If you would like to respond to a future Voices of the Bar, make sure you send a headshot, and contact Lauren DiTullio at [email protected].

Voices of the Bar 2/23/17: Who Are You Rooting for at the Oscars?

We can’t believe it’s Oscar season already! Whether you put together your office’s annual Academy Awards pool or you have that one special film or performance that struck you this year, we reached out to ask our members about their favorites.

“What Oscar nominees are you rooting for?

Nancy Weissman – Law Offices of Nancy Weissman
“I’m rooting for Lion (for its treatment of the linked questions of identity and connection), Dr. Strange, and Sing (a Hungarian film called Mindenki in its native language). I’m invested in the last category due to an obscure connection: my distant cousin won in the Short Film: Live Action Category in 1991!”

Shannon Lynch – Beck Reed Riden
“While I have not yet seen all of the 2017 Oscar-nominated films, if I were to receive an invitation to join the 6,000-member Academy, my votes would go to Manchester-by-the SeaLa La Land, and Lion. My Best Actor vote would go to Boston’s own Casey Affleck for his emotionally-intense performance in Manchester-by-the-Sea. My vote for Best Director would go to Damien Chazelle for his mesmerizing work in the musical La La Land. In the category of Best Picture, I would cast my vote for Lion, an unforgettable story with breathtaking cinematography and gritty performances by Nicole Kidman and Dev Patel. ”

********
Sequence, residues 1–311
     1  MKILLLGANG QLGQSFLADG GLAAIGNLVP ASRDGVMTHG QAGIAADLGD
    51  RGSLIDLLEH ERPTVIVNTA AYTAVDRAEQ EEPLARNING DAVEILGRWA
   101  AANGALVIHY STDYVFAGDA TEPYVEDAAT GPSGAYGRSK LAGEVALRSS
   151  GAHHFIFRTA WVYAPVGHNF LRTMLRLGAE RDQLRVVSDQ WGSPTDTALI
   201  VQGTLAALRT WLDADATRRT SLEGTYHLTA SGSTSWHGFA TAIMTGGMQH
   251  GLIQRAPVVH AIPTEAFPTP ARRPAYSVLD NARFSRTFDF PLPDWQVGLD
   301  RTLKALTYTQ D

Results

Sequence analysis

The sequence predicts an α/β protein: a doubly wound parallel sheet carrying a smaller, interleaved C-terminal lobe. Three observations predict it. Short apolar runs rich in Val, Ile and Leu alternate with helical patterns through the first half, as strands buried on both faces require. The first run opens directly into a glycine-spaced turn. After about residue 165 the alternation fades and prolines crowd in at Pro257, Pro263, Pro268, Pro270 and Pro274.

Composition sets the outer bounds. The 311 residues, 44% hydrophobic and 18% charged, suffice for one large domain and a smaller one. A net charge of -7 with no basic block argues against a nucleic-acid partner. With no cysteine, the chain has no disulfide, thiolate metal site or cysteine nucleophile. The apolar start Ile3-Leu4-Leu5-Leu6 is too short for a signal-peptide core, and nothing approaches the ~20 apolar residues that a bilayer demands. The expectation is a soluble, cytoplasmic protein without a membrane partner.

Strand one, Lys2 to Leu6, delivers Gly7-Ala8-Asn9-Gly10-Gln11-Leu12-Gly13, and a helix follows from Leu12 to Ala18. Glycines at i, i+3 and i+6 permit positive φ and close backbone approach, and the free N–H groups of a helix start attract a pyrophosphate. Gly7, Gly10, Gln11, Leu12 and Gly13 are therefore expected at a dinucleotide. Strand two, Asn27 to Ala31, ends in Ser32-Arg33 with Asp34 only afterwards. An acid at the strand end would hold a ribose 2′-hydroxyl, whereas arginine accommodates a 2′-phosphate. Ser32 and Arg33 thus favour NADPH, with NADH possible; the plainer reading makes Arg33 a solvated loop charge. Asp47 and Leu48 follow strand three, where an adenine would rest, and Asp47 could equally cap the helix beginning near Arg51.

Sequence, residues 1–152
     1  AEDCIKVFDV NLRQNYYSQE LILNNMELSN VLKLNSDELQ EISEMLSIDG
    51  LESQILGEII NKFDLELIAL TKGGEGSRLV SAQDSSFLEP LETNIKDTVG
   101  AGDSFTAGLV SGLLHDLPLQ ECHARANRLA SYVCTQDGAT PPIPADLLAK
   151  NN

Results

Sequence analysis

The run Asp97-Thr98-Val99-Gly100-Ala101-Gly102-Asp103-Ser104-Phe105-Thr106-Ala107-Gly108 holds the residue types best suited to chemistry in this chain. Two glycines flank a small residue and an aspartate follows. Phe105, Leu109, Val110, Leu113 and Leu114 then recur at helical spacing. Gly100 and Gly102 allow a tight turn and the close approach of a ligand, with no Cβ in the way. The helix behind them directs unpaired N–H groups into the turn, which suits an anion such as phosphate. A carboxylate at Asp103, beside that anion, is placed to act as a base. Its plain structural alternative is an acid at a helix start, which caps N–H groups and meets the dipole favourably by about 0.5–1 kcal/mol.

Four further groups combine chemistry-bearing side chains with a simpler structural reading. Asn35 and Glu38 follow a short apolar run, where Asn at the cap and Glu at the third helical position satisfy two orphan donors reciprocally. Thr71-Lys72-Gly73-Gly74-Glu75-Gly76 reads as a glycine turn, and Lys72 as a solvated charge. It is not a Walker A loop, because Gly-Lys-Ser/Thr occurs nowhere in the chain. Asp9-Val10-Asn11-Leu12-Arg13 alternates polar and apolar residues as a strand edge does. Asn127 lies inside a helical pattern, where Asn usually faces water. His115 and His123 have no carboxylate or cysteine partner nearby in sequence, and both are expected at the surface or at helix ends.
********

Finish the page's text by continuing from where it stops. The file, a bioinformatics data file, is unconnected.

Brian Atherton – Saul Ewing
“I’m rooting for O.J., Made in America to win the Oscar for Best Documentary.”

 

Patricia Weisgerber – M. Robinson & Company
“Best Original Screenplay has to go to The Lobster. The premise was that you have 45 days to find your one true love, otherwise you get turned into your animal of choice and the main character chose a lobster. I haven’t been to Legal’s since I saw it.”

Anthony Rufo – Foley Hoag
“I am torn between Viola Davis and Michelle Williams for Best Actress in a Supporting Role.  They each have multiple nominations under their belts.   One thing they both have in common – they are almost too good.  Each is so believable in every role that it doesn’t even seem like acting.  That is the hardest thing to do. ”

Mark Fleming – WilmerHale
The Lobster – not only was it surprisingly well-written and well-acted, but it reminded me of high school and why I’m so glad those days are behind me.”

 

Dustin Hecker  – Posternak Blankstein & Lund
“As I have only seen one of the movies, with my three sons Christmas time, I will have to be rooting for Rogue One to win in the best video effects category.  Clearly, I need to get out a little bit more.  But it is college hoops season, and March Madness is right around the corner.  So I likely will be catching a few of these on Netflix.”

If you would like to respond to a future Voices of the Bar, make sure you send a headshot, and contact Lauren DiTullio at [email protected].

Voices of the Bar 2/2/17: Boston Attorneys Respond to Executive Order on Immigration